Abstract

We analyzed long-term temperature trends in Utah using a relatively new signal processing method called Empirical Mode Decomposition (EMD). We evaluated the available weather records in Utah and selected 52 stations, which had records longer than 60 years, for analysis. We analyzed daily temperature data, both minimum and maximums, using the EMD method that decomposes non-stationary data (data with a trend) into periodic components and the underlying trend. Most decomposition algorithms require stationary data (no trend) with constant periods and temperature data do not meet these constraints. In addition to identifying the long-term trend, we also identified other periodic processes in the data. While the immediate goal of this research is to characterize long-term temperature trends and identify periodic processes and anomalies, these techniques can be applied to any time series data to characterize trends and identify anomalies. For example, this approach could be used to evaluate flow data in a river to separate the effects of dams or other regulatory structures from natural flow or to look at other water quality data over time to characterize the underlying trends and identify anomalies, and also identify periodic fluctuations in the data. If these periodic fluctuations can be associated with physical processes, the causes or drivers might be discovered helping to better understand the system. We used EMD to separate and analyze long-term temperature trends. This provides awareness and support to better evaluate the extremities of climate change. Using these methods we will be able to define many new aspects of nonlinear and nonstationary data. This research was successful and identified several areas in which it could be extended including data reconstruction for time periods missing data. This analysis tool can be applied to various other time series records.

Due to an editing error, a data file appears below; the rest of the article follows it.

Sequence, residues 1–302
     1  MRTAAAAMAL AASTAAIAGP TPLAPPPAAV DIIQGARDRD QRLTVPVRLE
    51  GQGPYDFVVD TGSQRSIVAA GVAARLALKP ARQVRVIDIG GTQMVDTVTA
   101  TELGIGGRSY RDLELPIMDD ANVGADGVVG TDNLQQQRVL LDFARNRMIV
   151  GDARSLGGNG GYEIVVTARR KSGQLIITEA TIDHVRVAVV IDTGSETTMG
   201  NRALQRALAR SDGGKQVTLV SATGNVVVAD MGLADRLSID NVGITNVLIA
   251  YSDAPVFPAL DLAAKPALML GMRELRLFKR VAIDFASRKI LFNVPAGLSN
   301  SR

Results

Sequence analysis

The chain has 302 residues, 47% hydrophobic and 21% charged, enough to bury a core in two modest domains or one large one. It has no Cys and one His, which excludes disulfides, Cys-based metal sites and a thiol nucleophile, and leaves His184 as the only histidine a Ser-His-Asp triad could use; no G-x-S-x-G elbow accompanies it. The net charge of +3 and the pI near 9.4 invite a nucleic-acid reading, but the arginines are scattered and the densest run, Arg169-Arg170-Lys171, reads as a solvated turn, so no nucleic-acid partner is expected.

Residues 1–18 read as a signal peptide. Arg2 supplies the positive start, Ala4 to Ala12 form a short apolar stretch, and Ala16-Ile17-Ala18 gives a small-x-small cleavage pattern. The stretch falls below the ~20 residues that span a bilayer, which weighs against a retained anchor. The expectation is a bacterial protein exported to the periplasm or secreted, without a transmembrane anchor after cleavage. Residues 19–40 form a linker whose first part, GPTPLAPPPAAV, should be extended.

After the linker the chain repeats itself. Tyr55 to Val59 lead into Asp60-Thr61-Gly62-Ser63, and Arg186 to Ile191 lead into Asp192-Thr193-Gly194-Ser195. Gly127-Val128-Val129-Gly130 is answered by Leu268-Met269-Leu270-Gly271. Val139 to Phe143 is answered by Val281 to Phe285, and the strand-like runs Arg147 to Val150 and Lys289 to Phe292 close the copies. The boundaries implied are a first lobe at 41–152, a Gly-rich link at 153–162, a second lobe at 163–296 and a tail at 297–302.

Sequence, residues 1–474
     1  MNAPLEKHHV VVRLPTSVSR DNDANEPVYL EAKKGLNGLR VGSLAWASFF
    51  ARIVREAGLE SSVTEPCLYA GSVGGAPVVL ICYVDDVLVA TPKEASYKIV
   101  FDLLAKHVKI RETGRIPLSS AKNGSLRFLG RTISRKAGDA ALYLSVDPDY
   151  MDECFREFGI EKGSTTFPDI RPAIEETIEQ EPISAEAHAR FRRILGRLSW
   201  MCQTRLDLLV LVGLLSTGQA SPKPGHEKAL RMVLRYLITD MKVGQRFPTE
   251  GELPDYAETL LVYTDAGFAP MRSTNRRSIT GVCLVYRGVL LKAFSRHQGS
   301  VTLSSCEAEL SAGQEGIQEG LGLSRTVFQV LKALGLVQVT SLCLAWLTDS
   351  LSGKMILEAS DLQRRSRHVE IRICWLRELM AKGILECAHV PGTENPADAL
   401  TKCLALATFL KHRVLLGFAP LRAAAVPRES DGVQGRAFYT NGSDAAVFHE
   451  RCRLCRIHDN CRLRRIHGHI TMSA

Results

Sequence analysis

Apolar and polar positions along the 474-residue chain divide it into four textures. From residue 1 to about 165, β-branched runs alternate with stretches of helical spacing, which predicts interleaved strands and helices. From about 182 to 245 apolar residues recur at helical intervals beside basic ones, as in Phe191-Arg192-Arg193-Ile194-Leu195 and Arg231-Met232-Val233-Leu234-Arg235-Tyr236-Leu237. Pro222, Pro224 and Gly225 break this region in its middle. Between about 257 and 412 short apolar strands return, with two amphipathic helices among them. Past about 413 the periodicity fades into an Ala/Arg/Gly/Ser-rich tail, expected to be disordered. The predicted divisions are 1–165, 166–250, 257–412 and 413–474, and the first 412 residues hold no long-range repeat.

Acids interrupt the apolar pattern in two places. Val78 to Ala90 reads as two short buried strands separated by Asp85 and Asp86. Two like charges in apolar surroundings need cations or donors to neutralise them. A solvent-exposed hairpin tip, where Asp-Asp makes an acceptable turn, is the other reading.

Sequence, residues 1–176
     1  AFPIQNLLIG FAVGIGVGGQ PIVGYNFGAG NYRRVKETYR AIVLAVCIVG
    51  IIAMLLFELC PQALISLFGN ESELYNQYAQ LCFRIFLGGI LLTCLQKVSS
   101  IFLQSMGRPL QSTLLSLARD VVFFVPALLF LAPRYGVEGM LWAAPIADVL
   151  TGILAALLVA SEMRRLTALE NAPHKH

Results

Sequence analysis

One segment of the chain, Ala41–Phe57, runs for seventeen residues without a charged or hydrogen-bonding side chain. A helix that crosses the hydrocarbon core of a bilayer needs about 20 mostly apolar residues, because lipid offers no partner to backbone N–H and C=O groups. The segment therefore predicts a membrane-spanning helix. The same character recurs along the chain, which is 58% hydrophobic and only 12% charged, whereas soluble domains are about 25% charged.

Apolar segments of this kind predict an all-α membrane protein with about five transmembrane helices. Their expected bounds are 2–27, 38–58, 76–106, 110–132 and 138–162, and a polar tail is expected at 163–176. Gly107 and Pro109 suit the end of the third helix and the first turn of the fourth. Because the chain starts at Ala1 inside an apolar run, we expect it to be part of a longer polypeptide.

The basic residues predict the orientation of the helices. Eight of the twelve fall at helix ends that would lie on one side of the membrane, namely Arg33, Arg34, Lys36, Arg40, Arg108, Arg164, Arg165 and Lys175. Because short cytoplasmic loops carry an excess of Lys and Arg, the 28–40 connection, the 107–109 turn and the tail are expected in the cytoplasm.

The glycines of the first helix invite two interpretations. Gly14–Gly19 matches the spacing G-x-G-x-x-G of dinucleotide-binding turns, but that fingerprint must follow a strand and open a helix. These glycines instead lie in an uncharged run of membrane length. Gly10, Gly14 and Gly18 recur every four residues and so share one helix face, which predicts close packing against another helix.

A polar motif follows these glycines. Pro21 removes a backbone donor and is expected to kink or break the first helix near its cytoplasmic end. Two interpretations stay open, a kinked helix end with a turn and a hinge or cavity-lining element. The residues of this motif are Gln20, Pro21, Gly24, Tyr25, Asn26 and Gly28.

Degree

MS

College and Department

Ira A. Fulton College of Engineering and Technology; Civil and Environmental Engineering

Rights

http://lib.byu.edu/about/copyright/

Date Submitted

2014-06-01

Document Type

Thesis

Handle

http://hdl.lib.byu.edu/1877/etd7105

Keywords

Hilbert, HHT, Hilbert Haung, Hilbert Haung Transforms, Statistics, Time Series, Weather Stations, Transforms, Signal Analysis, Fourier Transforms, Wavelet Transforms, Multivariate Analysis, Climatological, Intrinsic Mode Function, Empirical Mode Decomposition, IMF, EMD, Instantaneous Phase, Instantaneous Frequency, Residue

Share

COinS